Consumers generally favor increased domestic energy production but have mixed feelings about the current natural gas boom, a recent poll by the University of Texas at Austin (UT) found. In particular, the survey illustrates how sharply divided the public remains over the use of hydraulic fracturing (fracking) for well stimulation.
Overall, 45% of respondents familiar with fracking say they support its use for fossil fuel extraction, down from 48% a year ago, while 41% say they oppose the practice. However, of this group, only 22% of Democrats support fracking, while 60% oppose it, and 71% of Republicans support fracking, while 20% oppose it.
Consumers continued to express concern about possible harm to the environment from fracking, with the potential for water contamination again topping the list of specific concerns. “More consumers — 43% today versus 38% a year ago — say there should be more regulation of hydraulic fracturing,” said Sheril Kirshenbaum, director of the UT Energy Poll. “Still, we also see steady support for the expansion of domestic natural gas development.”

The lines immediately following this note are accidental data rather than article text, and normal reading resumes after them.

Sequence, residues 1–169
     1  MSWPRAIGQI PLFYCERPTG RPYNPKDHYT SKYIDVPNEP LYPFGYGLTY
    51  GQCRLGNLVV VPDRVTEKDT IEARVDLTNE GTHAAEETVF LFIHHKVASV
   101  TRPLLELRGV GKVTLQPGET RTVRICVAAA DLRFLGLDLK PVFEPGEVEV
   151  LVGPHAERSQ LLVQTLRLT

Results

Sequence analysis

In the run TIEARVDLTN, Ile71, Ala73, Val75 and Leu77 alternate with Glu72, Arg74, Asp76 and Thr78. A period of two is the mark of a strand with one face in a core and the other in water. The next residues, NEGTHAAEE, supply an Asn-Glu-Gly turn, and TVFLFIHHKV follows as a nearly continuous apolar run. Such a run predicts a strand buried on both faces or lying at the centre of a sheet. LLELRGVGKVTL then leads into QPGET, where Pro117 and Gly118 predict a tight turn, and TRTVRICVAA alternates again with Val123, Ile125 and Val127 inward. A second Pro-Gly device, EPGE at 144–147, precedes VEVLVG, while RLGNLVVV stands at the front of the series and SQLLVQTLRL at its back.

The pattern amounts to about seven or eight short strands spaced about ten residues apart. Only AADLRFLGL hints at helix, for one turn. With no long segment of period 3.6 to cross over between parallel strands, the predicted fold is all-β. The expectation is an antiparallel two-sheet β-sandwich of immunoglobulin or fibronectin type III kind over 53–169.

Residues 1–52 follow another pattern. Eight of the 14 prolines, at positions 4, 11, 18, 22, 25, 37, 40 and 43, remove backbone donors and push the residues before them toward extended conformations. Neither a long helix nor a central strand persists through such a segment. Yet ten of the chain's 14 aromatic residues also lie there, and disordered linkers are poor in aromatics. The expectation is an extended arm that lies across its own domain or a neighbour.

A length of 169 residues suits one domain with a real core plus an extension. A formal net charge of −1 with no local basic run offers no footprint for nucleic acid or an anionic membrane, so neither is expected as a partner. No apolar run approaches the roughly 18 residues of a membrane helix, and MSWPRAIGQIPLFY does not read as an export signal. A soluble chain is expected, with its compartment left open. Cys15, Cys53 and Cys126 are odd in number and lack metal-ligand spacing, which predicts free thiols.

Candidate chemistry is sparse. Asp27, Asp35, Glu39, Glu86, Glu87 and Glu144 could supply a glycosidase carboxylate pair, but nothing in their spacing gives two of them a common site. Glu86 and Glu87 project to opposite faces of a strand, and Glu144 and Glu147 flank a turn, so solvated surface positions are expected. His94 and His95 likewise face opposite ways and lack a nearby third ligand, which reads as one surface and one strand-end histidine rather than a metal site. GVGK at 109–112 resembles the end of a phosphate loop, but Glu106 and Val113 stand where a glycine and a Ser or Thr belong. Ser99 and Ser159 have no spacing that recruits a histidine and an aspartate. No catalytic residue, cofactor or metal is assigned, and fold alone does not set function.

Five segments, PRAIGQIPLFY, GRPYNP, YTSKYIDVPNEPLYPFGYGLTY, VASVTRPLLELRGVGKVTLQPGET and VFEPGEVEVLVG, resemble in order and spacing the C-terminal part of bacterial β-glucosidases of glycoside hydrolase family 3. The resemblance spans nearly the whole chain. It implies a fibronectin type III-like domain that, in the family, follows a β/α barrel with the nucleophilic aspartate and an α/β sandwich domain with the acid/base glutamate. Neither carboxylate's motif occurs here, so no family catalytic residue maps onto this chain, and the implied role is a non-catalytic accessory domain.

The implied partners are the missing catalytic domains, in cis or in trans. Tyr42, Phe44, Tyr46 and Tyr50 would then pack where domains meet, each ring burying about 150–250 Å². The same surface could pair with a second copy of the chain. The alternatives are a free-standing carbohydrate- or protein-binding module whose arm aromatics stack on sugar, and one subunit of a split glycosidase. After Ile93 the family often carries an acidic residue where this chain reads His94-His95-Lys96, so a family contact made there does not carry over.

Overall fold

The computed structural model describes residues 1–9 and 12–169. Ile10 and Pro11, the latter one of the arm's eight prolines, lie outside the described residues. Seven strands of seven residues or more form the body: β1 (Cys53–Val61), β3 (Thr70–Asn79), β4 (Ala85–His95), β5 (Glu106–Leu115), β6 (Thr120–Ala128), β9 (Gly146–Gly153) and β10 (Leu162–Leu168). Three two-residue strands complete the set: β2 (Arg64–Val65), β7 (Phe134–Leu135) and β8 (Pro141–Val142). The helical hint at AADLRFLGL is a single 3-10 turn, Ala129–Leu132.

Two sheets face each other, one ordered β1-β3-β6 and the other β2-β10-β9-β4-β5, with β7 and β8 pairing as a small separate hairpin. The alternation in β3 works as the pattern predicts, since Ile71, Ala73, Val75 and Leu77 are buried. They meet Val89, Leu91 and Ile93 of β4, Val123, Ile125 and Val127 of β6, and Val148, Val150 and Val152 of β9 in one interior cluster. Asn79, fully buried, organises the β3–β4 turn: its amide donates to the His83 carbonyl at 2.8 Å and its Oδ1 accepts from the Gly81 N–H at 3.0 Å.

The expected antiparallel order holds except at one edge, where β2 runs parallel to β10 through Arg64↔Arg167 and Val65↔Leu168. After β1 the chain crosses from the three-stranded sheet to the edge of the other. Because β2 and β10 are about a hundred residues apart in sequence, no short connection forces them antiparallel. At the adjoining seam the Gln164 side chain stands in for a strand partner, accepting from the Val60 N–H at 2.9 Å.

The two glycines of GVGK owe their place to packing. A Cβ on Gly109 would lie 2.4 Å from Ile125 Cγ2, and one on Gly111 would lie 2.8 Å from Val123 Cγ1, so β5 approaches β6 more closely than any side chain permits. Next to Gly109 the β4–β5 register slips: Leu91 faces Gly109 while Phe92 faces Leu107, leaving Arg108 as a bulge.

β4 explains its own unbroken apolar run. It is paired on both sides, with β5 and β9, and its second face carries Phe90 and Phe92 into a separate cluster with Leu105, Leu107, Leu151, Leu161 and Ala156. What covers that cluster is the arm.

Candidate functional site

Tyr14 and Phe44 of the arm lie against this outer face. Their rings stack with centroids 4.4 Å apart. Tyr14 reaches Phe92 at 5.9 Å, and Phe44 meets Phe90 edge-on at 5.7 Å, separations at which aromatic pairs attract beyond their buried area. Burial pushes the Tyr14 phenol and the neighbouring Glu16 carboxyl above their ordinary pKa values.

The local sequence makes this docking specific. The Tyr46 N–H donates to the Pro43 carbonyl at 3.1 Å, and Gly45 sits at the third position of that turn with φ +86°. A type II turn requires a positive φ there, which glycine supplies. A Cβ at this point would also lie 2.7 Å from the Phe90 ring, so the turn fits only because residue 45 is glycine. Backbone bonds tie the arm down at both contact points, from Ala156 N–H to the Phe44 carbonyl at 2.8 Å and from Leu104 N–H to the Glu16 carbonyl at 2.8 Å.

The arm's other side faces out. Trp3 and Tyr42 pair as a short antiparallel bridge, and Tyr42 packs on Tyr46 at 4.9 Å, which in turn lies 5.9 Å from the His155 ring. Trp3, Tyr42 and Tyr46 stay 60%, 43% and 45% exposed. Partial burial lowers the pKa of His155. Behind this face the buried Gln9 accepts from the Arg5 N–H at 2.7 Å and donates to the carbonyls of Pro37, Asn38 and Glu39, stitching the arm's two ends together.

As might be expected, various polls on the fracking issue have yielded different results. A recent Harris Interactive poll found that 60% of North Carolina voters support the use of fracking in their state (see Shale Daily, March 27), but opposition to fracking in New York State has grown slightly, according to a recent Siena College Research Institute poll (see Shale Daily, March 13).
Other findings from the UT poll include:
UT’s online nationwide survey was conducted March 11-20. Data were weighted using U.S. Census Bureau figures, as well as propensity scores, to ensure the sample’s composition reflects the actual U.S. population.
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